Attack Of The Clones avoids the shortcomings of its prequel in part because of a stronger presence from its creator, George Lucas. As both director and writer, Lucas is fully aware of the power and mythology of his earlier Star Wars films, and he both exploits and pokes fun at the myth through carefully scripted action sequences and good casting choices. In the latest film, Padme and Anakin are chased to a dead end where their path is obstructed by a missing bridge. We've seen this scene before, when Luke and Princess Leia found themselves in identical circumstances on the Death Star. In the tradition of Errol Flynn, Luke fashioned a harpoon and swung across the abyss, saving the princess and himself. This time around Padme loses her footing and falls off the edge of the bridge, tumbling onto a mechanized factory floor. Instead of an impressive escape, Lucas tweaks our noses, while staying mindful of his Star Wars legacy.

With the roles of Obi Wan Kenobi and Count Dooku, Lucas offers further tribute to his earlier films and their late actors. Ewan McGregor gives an accomplished performance as a younger Obi-Wan Kenobi. He looks and sounds hauntingly like Alec Guinness. It's truly a pity Guinness isn't around anymore to marvel at the similarities. (Though Guinness was famously averse to being recognized for his participation in Star Wars. Once, when a young fan informed him that he'd seen Star Wars several times, Guinness opined that it was shocking that he would watch a movie so often and that he should find something better to do with his time.) Casting Christopher Lee as the sinister Dooku is also a fine homage to the late Peter Cushing, who played Grand Moff Tarkin, the ruthless commander of the Death Star. Lee and Cushing were friends as well as central figures in Dracula flicks of the early 1970s, and Lee's presence is clearly intended to evoke the ominous spirit of Tarkin as well as capture the nostalgia from the very first film.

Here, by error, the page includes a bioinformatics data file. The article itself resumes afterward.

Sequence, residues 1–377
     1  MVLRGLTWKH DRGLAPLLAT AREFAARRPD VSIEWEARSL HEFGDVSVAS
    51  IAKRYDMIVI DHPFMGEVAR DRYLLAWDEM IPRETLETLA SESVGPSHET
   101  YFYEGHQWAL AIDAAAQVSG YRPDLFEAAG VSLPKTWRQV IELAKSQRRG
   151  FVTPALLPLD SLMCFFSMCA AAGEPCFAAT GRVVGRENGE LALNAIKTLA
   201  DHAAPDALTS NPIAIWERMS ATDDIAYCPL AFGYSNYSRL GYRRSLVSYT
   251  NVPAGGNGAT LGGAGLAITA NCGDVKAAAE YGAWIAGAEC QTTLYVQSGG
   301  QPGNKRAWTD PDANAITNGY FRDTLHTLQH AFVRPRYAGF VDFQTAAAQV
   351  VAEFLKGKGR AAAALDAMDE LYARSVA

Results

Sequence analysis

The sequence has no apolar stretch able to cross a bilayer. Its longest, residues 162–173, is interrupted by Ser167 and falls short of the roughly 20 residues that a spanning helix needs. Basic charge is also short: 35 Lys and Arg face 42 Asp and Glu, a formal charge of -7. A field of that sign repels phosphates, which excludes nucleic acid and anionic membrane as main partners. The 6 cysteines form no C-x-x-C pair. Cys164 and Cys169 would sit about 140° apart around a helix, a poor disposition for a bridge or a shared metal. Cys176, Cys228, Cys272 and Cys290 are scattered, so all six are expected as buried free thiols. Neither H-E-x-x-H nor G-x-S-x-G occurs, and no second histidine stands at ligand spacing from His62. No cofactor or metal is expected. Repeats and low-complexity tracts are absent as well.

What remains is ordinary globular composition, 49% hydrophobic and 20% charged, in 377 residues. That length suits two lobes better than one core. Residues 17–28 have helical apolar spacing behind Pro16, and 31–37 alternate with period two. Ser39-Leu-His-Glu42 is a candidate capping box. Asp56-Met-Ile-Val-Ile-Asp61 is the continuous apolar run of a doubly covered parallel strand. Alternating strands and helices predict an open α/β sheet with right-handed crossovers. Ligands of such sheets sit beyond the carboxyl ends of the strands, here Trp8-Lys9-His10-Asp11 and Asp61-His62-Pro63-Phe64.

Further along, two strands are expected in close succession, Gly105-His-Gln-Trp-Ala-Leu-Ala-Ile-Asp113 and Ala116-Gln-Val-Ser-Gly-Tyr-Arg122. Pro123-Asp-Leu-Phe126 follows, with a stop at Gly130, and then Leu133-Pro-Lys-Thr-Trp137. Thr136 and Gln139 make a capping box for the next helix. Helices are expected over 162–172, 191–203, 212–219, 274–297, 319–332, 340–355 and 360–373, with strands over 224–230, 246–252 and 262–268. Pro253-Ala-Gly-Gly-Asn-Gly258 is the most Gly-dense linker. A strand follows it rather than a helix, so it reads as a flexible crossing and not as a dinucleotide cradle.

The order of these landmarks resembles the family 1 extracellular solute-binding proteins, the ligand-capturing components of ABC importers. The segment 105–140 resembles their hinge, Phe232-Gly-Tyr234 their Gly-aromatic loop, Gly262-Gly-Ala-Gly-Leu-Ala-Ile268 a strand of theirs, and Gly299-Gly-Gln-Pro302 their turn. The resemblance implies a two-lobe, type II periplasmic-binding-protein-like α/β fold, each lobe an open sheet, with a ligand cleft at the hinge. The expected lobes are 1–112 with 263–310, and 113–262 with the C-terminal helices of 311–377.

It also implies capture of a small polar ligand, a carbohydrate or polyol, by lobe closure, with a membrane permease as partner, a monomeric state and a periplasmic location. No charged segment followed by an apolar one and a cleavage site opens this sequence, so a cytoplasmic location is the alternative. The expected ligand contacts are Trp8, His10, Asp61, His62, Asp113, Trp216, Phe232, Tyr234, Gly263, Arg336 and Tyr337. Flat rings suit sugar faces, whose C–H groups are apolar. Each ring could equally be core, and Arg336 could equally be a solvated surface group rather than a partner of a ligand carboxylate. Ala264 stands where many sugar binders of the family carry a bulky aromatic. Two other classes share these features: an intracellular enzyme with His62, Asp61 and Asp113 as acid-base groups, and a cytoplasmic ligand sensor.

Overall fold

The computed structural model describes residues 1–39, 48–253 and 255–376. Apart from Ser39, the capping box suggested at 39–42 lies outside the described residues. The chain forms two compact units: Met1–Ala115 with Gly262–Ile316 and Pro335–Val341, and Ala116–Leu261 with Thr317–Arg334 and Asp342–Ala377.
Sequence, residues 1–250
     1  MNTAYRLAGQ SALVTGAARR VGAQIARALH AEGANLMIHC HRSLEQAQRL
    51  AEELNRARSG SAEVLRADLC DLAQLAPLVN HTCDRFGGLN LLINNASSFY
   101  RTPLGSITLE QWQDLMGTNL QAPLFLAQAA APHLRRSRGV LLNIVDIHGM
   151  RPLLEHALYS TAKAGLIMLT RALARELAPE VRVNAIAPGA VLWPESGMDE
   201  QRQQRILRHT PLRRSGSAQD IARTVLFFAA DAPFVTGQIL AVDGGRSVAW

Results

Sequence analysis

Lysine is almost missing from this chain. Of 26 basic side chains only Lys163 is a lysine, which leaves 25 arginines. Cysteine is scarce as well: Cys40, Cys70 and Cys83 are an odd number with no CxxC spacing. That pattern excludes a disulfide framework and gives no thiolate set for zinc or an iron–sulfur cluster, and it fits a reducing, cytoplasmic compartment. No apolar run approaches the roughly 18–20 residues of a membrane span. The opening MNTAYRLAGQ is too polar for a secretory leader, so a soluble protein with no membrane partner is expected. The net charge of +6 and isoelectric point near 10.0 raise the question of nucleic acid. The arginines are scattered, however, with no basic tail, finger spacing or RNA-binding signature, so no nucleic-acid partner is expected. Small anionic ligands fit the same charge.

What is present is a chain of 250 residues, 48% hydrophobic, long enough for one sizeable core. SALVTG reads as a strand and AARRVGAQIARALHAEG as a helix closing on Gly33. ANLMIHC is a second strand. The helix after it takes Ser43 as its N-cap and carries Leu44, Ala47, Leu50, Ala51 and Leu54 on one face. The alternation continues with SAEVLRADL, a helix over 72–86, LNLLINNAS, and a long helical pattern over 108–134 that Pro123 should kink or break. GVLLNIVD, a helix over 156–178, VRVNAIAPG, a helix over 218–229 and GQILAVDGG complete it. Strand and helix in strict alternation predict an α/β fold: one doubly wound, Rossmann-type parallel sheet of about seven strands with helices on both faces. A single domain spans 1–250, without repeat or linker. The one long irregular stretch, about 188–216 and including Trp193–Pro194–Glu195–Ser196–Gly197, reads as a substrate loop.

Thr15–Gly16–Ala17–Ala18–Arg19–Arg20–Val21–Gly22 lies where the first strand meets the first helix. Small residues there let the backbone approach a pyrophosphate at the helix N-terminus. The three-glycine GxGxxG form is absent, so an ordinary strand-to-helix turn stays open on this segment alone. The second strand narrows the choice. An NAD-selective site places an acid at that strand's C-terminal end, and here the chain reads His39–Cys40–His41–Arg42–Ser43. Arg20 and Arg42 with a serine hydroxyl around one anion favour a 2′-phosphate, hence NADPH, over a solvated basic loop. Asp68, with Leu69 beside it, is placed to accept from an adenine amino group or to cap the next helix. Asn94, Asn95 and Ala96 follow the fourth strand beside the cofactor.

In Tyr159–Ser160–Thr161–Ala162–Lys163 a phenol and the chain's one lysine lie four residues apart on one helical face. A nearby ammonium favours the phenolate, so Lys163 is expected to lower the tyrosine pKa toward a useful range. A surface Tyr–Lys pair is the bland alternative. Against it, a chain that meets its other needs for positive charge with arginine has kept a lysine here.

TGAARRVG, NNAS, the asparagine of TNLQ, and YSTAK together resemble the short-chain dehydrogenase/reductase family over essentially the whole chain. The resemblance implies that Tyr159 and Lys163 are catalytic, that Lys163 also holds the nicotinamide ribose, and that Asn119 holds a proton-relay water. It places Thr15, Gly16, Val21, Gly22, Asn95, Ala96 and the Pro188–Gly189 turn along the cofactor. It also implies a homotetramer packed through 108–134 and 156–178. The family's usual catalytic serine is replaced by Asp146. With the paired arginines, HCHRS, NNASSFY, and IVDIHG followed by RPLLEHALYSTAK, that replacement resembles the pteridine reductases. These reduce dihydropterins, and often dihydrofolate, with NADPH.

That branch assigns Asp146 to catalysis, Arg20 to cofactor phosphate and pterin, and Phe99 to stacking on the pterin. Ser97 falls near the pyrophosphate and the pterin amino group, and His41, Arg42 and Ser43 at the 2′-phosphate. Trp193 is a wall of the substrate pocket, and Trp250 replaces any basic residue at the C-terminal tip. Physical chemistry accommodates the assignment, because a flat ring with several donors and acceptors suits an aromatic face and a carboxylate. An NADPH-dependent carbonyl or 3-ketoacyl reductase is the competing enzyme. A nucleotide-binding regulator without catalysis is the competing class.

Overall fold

Despite these reminiscences, Attack Of The Clones is not a perfect gem. The orchestral music is so familiar it spoils much of the suspense. Good and evil are always foreshadowed by a swelling accompaniment that reaches a loud crescendo. What should be background music instead drowns out any sudden plot turns or surprises.

Still, this latest offering is still a well-crafted package of special effects and samurai-like fighting. It's a sequel that's worth watching, but after all, it is the latest Star Wars flick, and you were probably going to see it anyway.

Nancy Semin

hybridCinema Ratings Guide:

Take a pal and pay full price for both tickets.

Itís worth a full-price ticket.

Itís worth a matinee ticket.

Wait for video rental.

Check out the video from the library, if you must.

While we would never encourage anyone to destroy a video...


Mike Doughty